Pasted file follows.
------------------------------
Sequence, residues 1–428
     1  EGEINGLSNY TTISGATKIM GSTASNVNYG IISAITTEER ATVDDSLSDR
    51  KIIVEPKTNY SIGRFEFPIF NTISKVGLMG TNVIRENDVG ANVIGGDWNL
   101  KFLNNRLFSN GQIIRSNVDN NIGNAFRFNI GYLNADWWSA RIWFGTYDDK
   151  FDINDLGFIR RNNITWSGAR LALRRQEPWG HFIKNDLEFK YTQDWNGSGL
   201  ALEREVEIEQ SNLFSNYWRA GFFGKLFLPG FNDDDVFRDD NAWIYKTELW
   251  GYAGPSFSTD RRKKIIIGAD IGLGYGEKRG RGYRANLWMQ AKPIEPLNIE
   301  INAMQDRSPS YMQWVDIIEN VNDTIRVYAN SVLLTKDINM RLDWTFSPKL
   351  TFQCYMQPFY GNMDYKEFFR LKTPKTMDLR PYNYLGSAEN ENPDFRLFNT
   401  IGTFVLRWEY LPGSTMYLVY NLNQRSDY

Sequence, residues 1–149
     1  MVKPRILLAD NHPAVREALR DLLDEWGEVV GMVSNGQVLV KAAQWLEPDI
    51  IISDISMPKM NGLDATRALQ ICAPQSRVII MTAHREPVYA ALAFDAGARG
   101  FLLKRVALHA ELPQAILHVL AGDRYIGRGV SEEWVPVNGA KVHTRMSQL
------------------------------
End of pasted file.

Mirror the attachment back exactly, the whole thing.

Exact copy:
Sequence, residues 1–428
     1  EGEINGLSNY TTISGATKIM GSTASNVNYG IISAITTEER ATVDDSLSDR
    51  KIIVEPKTNY SIGRFEFPIF NTISKVGLMG TNVIRENDVG ANVIGGDWNL
   101  KFLNNRLFSN GQIIRSNVDN NIGNAFRFNI GYLNADWWSA RIWFGTYDDK
   151  FDINDLGFIR RNNITWSGAR LALRRQEPWG HFIKNDLEFK YTQDWNGSGL
   201  ALEREVEIEQ SNLFSNYWRA GFFGKLFLPG FNDDDVFRDD NAWIYKTELW
   251  GYAGPSFSTD RRKKIIIGAD IGLGYGEKRG RGYRANLWMQ AKPIEPLNIE
   301  INAMQDRSPS YMQWVDIIEN VNDTIRVYAN SVLLTKDINM RLDWTFSPKL
   351  TFQCYMQPFY GNMDYKEFFR LKTPKTMDLR PYNYLGSAEN ENPDFRLFNT
   401  IGTFVLRWEY LPGSTMYLVY NLNQRSDY

Sequence, residues 1–149
     1  MVKPRILLAD NHPAVREALR DLLDEWGEVV GMVSNGQVLV KAAQWLEPDI
    51  IISDISMPKM NGLDATRALQ ICAPQSRVII MTAHREPVYA ALAFDAGARG
   101  FLLKRVALHA ELPQAILHVL AGDRYIGRGV SEEWVPVNGA KVHTRMSQL